Reviewed by Gird_09
Her Ethic is one of those rare projects where young people actually take up the legacy of the original industrial bands and their sources of inspiration. Her Ethic has content and ballast, and some of the track titles read like short stories by Burroughs or Ballard. Even more positively Her Ethic sounds nothing like the tedious industrial metal or cliched toothless endzeit which pretends to carry the industrial torch these days.
Musically this record is more akin to industrial rock, and even a touch of goth can be heard in there. I know describing things as goth isn't very fashionable these days, but it's really the only appropriate term for it – and it sounds great. I'm certainly not one to complain, it's a good blend. Stylistically I want to compare it to Psychic TV, Joy Division, Alien Sex Fiend and Cassandra Complex, with some portions reminding me of the more punky experimental tracks by Bauhaus.
The album starts with Breed in Captivity, which slowly rises out of its coffin to an electronic drum beat, predatory bass line and vocals with heavy reverb. The lyrics are classical, and evokes images of animals pleading their case or accusing some personal Dr. Moreau. The track sets the pace and style for the rest of the album, which sounds as if it's jammed and rehearsed into being, rather than written and forced. The result is dynamic and playful, though it can be a bit abrubt in places. In particular several tracks end very suddenly, and could've used a softer outro.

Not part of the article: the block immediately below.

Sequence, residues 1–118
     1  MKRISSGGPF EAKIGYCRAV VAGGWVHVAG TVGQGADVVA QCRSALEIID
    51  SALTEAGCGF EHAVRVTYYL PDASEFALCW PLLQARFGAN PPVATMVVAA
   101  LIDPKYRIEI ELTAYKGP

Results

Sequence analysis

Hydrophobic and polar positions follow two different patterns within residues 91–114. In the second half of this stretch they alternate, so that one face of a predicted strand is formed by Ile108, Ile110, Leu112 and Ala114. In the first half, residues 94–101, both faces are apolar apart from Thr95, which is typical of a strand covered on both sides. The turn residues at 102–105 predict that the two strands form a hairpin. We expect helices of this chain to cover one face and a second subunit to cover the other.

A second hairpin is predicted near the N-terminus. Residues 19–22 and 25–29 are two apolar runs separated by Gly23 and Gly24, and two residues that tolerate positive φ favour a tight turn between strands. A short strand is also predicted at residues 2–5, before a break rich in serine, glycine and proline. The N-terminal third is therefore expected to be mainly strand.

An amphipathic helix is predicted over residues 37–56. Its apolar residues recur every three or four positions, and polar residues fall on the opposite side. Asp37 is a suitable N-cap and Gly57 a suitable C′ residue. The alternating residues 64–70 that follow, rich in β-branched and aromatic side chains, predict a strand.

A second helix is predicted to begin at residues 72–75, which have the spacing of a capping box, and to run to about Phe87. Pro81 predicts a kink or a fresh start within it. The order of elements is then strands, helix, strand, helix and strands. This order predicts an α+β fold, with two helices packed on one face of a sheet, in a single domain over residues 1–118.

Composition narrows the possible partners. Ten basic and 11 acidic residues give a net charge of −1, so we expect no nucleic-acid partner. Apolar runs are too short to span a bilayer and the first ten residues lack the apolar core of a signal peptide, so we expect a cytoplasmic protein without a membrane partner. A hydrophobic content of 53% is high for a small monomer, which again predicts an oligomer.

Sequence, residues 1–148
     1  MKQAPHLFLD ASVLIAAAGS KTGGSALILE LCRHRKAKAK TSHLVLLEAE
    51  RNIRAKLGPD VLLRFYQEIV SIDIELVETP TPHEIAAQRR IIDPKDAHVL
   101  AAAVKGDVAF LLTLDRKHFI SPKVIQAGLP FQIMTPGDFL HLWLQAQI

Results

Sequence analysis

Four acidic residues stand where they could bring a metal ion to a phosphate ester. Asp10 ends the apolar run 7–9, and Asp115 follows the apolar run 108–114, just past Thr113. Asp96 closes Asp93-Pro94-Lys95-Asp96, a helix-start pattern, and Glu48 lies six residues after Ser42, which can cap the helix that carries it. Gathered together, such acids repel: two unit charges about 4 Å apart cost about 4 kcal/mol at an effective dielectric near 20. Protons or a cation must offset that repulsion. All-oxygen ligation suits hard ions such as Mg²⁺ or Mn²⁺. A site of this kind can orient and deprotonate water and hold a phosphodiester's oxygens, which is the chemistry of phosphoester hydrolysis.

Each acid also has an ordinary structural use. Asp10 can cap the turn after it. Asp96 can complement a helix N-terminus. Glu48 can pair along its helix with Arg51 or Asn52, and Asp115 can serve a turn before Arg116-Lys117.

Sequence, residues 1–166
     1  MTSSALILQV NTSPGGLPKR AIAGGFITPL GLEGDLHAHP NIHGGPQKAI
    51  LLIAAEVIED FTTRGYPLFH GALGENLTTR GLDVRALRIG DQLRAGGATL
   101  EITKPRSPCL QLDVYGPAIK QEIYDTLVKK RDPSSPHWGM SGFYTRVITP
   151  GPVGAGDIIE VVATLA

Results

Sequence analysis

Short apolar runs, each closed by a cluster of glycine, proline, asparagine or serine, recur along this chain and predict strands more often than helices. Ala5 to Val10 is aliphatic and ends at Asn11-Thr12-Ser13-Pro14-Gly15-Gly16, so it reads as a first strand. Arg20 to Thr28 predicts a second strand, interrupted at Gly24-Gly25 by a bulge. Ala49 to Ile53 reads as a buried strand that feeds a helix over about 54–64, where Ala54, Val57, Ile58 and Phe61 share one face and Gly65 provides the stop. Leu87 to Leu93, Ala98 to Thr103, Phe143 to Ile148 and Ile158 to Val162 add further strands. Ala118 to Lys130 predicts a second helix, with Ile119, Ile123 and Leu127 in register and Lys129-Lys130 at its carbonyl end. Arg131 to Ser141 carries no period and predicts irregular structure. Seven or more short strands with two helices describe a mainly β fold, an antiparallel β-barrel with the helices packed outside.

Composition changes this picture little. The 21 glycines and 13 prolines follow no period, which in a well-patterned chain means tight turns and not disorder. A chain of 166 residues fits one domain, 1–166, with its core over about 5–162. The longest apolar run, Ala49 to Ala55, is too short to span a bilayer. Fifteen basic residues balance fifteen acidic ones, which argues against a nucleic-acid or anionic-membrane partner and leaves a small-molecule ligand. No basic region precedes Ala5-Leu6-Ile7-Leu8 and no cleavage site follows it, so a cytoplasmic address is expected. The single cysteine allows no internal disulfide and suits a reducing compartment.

Aside from this it's a well balanced and well composed album, with it's blend of industrial experimentalist rock, horror soundtrack intermissions and gothy portions. At times the music is atmospheric and brooding, other times it's pounding and energetic, and it's always murky as fuck. The vocals paint a bleak picture against a background of jarring guitars, cold synthesizers and uncompromising drums. This is especially true for the penultimate track, The Infant, the Desiccant and the Novichok agent, which along with the aforementioned Breed In Captivity as well as Priapism, stands out as really strong music.
The album ends with Pseudocide. A cacaphony of noise and samples from (presumably) Barrack Obama's inauguration as president serves as a fitting end to the album, just as it was a fitting end to any naive hopes on behalf of a more humane US president.
1 Breed in Captivity
7 Neonatal Death
8 The Euthanasia Machinist
9 The Infant, the Desiccant and the Novichok agent
Norway, file download, 2009